“Oh, do shut up! You’ve been at it all morning. There will be hell to pay if ma comes and that devil-may-care attitude of yours means the chores aren’t done.”

“An idle brain is the devil’s workshop, so I exercise it by composing rhymes; idle hands are the devil’s playthings, so I scribble down said rhymes before I forget them — and it gives my fingers something to do.”

“You’re full of the devil, and both of us know that the devil can cite Scripture for his own purpose. Put that pen down and remember that God sends meat and the devil sends cooks.”

“Better the devil you know than the devil you don’t know; rhyming and writing come easy to me… I hate having to play the devil’s advocate. I’m caught between the devil and the deep blue sea, and the devil is in the details.”

“Needs must when the devil drives — and the devil is not as black as he is painted. He who sups with the devil should have a long spoon, so prepare yourself, and let’s go meet them. We need all the help we can get.”

“It’s a waste of time, I tell you; the interviews will wreak hell with my agenda. They must not happen.”

“I say let’s go. We have the devil’s own job taking off all that hideous wallpaper; we need all the help we can get, and devil take the hindmost.”

Phone rings…

Hello? We are not coming for the refurbishment job. We woke up with oral irritation, pain and swelling of mouth, tongue and lips, excessive drooling, vomiting, difficulty swallowing. The doctor says we must have come in contact with the devil’s Ivy… not that I remember…

…..

“Speak of the devil, and he is sure to appear; not this time, though.”

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Please visit Tanja’s blog at https://paperjacketblog.wordpress.com/

D. A. Ratliff: Old Bill

Welcome to Write the Story! Each month Writers Unite! will offer a writing prompt for writers to create a story from and share with everyone. WU! wants to help our members and followers to generate more traffic to their platforms. Please check out the authors’ blogs, websites, Facebook pages and show them support. We would love to hear your thoughts about the stories and appreciate your support!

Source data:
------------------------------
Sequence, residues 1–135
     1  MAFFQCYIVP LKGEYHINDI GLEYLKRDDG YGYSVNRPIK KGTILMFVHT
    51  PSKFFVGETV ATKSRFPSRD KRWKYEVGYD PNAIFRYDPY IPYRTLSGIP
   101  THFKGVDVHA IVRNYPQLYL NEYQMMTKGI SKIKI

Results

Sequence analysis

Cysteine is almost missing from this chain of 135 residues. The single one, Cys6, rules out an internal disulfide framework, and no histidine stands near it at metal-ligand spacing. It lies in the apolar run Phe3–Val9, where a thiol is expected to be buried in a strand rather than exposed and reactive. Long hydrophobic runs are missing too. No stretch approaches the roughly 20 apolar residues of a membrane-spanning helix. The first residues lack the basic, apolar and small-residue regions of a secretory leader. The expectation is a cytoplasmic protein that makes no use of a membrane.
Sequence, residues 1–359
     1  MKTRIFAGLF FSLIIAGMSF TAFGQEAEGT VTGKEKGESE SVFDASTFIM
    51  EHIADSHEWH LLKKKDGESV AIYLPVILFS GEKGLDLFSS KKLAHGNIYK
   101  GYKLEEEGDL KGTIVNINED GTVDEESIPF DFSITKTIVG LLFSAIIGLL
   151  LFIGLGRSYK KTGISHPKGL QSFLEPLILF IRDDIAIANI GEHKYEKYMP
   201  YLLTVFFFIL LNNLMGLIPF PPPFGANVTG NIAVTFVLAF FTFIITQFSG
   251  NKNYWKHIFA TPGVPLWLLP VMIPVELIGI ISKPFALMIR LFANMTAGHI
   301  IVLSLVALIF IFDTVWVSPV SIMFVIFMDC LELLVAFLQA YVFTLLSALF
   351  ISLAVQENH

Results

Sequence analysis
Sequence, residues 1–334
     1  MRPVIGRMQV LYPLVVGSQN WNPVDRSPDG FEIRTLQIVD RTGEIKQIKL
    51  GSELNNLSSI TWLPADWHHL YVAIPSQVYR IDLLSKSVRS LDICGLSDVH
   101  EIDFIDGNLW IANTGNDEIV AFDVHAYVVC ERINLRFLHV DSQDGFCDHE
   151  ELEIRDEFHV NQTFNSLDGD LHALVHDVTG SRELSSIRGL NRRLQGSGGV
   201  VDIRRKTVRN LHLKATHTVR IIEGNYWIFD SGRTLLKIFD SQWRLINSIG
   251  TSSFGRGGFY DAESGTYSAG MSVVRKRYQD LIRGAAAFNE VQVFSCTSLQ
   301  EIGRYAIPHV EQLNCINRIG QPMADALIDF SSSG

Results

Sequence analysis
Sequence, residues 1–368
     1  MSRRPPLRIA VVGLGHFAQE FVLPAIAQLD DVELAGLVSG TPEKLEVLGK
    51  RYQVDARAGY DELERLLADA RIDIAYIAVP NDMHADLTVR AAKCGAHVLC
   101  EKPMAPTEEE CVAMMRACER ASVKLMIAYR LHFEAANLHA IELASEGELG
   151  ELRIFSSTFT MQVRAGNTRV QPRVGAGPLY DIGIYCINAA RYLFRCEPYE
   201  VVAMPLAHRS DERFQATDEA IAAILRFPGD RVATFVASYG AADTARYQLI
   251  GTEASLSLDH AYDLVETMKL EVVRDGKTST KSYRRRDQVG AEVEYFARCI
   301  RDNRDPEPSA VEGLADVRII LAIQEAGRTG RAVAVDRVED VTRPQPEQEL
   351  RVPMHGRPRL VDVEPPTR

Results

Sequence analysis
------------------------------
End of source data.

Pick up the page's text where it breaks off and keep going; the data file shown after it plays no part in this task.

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As we wait for the first of the stories to be submitted, I remembered a short story I wrote for a prompt given by a writing group on the now-defunct Google +. It fits this prompt quite well, so I am posting it while we wait for the new stories! Can’t wait to see what is written about this month’s prompt!

Old Bill

By D. A. Ratliff

Johnny Tiger slowly paddled his canoe through the thick cypress trees, relishing the solitude. Solitude if he didn’t count the chatter of egrets and herons disturbed by his presence. He didn’t want to do what he agreed to do, but Miami-Dade Animal Control wanted Old Bill found, and they paid well for his services. 

Johnny had been an animal tracker for the Miccosukee Nation since he’d been old enough to follow his grandfather around. The Miccosukee Tribal police chief asked him to help the Miami-Dade officers find Old Bill. A group of frat brothers from the University of Miami reported one of their friends missing. The college students were partying and, by some reports, target shooting in the Glades when a drunken young man tumbled out of one of the boats.